Alvin Davis was not in attendance at his cousin’s wedding in 1967. Davis, however, recently provided his cousin Jessie’s widow, Judy Smith, with a belated yet still very appreciated gift from that special day — photo negatives of the wedding party he discovered in the downtown Hannibal building he is tearing down.

Alvin Davis was not in attendance at his cousin’s wedding in 1967. Davis, however, recently provided his cousin Jessie’s widow, Judy Smith, with a belated yet still very appreciated gift from that special day — photo negatives of the wedding party he discovered in the building he is tearing down.

The building, located in downtown Hannibal, was condemned in early October after portions of the second and third floors in the three-story building collapsed onto the rear of the first floor. The building, which once housed Herring Photography, still contained numerous envelopes filled with old photo negatives of individual portraits, sports teams and weddings. While some of the negatives had been damaged by water that had leaked in through holes in the roof, many were still as good as the day they were filed away.

Because of the interior collapse, the building inspector advised the city council that the weakened structure needed to be brought down before it collapsed and damaged adjacent buildings. On Oct. 20, the council awarded the demolition contract to Don Martin Construction. Davis, an employee of the contractor, began the tedious process of bringing the building down on Nov. 6. Not long after starting Davis made the amazing discovery.

“They were in a cabinet on a second floor wall. I’d just left it there. When I took the wall out a board fell off and knocked it down. I seen a bunch of papers in it so when I came down I just looked through it and there were all the negatives from my cousin’s wedding in 1967,” he said.

Davis noted that he didn’t have to dig very deep to find a familiar name.

“They were pretty much right on top,” he said. “They were all in a yellow envelope. They had her (Judy Smith’s) name, phone number and everything on it.”

Good condition

The condition of the negatives surprised Davis, who lives in Frankford.

“You could hold them up to the light and see the images perfect,” he said. “It was pretty neat.”

Davis wasted no time in notifying Smith, whose maiden name was Bates.

“I was really surprised and she was too when I called her and told her that we had found them. She was real excited,” he said.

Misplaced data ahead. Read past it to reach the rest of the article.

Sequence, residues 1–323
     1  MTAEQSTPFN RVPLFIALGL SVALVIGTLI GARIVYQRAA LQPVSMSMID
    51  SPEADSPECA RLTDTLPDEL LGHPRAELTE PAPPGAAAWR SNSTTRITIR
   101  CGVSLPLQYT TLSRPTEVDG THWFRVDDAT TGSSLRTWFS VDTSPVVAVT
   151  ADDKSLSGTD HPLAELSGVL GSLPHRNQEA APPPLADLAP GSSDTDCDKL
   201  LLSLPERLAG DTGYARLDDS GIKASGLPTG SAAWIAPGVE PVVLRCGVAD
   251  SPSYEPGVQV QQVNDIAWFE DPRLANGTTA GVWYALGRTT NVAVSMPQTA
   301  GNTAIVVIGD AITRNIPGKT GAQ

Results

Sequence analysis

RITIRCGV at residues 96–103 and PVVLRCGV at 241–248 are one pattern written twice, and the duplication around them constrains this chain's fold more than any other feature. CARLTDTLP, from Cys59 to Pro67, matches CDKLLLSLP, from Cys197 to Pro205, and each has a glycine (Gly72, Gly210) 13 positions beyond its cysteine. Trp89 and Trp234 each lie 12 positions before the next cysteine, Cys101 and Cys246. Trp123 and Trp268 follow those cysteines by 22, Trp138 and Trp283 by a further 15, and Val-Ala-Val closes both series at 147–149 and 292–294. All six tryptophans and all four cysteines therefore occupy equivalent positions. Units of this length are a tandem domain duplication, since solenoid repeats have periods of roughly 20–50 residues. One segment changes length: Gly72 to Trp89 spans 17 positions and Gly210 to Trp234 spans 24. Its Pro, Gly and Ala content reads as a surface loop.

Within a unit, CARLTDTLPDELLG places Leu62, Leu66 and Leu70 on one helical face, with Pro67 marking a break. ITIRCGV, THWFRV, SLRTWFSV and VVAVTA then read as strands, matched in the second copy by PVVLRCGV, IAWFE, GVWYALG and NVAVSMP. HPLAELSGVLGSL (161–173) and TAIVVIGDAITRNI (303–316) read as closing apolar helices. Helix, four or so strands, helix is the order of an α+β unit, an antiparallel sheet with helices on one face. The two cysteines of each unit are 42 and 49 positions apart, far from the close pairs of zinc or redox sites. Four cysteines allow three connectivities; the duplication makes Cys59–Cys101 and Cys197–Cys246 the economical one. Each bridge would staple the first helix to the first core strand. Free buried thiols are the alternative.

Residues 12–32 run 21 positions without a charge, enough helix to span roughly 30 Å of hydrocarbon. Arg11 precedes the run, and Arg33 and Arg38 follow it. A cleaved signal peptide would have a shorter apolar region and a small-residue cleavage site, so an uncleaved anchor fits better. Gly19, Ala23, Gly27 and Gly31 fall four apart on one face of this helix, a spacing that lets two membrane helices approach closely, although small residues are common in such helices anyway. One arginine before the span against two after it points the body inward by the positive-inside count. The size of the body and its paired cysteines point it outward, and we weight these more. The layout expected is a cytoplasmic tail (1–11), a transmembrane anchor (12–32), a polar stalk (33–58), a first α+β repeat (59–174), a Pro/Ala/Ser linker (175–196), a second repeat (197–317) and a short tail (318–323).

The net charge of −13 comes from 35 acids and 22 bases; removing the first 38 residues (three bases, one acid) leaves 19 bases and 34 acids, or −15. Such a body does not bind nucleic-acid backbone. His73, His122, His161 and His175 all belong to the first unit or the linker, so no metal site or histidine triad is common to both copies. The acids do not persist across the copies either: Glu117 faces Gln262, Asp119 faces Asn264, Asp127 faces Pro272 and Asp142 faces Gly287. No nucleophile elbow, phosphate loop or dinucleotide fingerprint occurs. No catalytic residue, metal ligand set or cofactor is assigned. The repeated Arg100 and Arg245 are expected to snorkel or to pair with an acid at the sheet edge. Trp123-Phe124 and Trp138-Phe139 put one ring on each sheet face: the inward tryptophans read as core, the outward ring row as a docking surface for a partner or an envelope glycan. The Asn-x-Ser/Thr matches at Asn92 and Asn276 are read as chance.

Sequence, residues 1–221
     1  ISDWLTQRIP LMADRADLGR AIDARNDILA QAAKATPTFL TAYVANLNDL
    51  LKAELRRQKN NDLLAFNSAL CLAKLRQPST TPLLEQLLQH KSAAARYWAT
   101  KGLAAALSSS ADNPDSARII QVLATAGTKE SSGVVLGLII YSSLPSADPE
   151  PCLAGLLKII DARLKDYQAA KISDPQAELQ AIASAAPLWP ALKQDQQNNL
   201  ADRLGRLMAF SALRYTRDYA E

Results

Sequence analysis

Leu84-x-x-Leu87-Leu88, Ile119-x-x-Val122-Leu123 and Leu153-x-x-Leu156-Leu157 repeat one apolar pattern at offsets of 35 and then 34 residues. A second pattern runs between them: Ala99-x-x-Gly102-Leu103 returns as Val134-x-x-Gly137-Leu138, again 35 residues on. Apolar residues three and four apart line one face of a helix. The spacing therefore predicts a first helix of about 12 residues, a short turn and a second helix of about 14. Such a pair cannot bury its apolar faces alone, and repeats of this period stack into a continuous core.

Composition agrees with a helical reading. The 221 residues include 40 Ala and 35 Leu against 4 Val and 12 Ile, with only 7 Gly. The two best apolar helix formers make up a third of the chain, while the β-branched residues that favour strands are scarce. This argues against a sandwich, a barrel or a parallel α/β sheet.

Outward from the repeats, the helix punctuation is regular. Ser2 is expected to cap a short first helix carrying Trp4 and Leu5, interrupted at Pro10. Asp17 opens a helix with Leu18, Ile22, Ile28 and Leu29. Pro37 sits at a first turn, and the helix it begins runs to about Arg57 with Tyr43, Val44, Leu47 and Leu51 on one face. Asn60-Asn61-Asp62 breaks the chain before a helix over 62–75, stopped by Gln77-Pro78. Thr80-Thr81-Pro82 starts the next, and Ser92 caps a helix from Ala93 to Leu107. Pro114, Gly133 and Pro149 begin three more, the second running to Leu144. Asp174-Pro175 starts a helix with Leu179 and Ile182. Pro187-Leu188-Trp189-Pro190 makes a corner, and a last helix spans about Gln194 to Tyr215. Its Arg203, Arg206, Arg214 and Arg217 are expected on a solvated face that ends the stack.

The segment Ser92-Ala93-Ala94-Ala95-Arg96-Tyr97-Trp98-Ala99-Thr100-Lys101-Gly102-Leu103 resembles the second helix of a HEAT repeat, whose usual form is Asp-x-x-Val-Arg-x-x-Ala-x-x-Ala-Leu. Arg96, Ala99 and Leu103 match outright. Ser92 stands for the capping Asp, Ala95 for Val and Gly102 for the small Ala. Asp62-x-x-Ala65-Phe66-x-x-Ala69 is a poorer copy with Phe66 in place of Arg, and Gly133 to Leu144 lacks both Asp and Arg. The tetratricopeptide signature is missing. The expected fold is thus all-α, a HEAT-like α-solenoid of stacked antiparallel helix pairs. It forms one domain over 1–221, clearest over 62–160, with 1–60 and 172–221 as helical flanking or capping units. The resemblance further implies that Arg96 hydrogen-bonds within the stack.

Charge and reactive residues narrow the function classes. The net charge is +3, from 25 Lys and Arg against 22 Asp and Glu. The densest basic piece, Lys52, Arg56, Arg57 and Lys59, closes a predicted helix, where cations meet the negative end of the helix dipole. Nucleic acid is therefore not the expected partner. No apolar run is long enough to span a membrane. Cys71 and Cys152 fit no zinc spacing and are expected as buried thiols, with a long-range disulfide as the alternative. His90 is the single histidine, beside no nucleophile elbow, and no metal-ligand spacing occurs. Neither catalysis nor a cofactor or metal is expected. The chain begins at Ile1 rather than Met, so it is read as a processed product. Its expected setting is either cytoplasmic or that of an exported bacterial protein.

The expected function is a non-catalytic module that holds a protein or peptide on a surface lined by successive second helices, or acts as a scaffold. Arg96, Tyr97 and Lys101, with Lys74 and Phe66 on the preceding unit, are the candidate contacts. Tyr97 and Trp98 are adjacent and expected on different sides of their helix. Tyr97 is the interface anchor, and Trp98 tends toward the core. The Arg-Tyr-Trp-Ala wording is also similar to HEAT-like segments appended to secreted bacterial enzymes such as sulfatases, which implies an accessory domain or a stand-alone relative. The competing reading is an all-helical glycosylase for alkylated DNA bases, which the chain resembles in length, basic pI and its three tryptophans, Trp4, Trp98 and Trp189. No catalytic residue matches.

“It was total shock,” said Smith, whose husband, Jessie, passed away 12 years ago. “I just couldn’t believe it. I was just totally speechless.”

Smith had sought to locate the wedding negatives, which had been taken possession of by Frederick Deters after the Herring studio closed.

“Mr. Frederick Deters had passed away so I’d called his wife over a year ago. She said if she could find the negatives she would let me have them,” she said. “Here I thought everything was gone and there it all was. There’s quite a few that were in the wedding that are no longer with us so I was absolutely shocked when I got them.”

Some of the images in the envelope were not photos Smith had purchased after the wedding.

“I think there were around 15 (Smith ordered) and there were 25 of them there, so there’s some that we never got pictures from,” she said. “There’s one of just our hands with our wedding rings on. There’s some of my dad and my mom by themselves.”

Wedding day memory

The photos helped stir a memory from the Smith’s Oct. 27, 1967, wedding day.

“It was time for the wedding to start in two minutes and he wasn’t there. I thought he was standing me up,” recalled Smith. “He didn’t stand me up. He was late because he’d had a flat tire getting there.”

Smith, who was married to Jessie for 32 years, has nothing but fond memories of their time together.

“I met him when I was 13. I couldn’t go nowhere until I was 16. We got married when I was 17,” said Smith, adding that Davis, although Jessie’s cousin, was more like a brother considering how frequently he was with them when they were together. “It was all good.”

While Smith has the negatives in her possession, she has yet to find a local business capable of making prints from the 3-inch-by-5-inch negatives. One clerk, upon seeing the negatives, simply laughed.

“I thought, ‘What does that mean?’” said Smith. “I guess in other words she was telling me they were antiques.”

Smith, who teaches cake decorating, promises to give Davis a tasty treat as a reward for the negatives.

“He can have cookies, divinity, whatever,” she said with a laugh. “Or I might take him out to eat because that was something. That was a find of all finds to me.”

Hannibal Courier-Post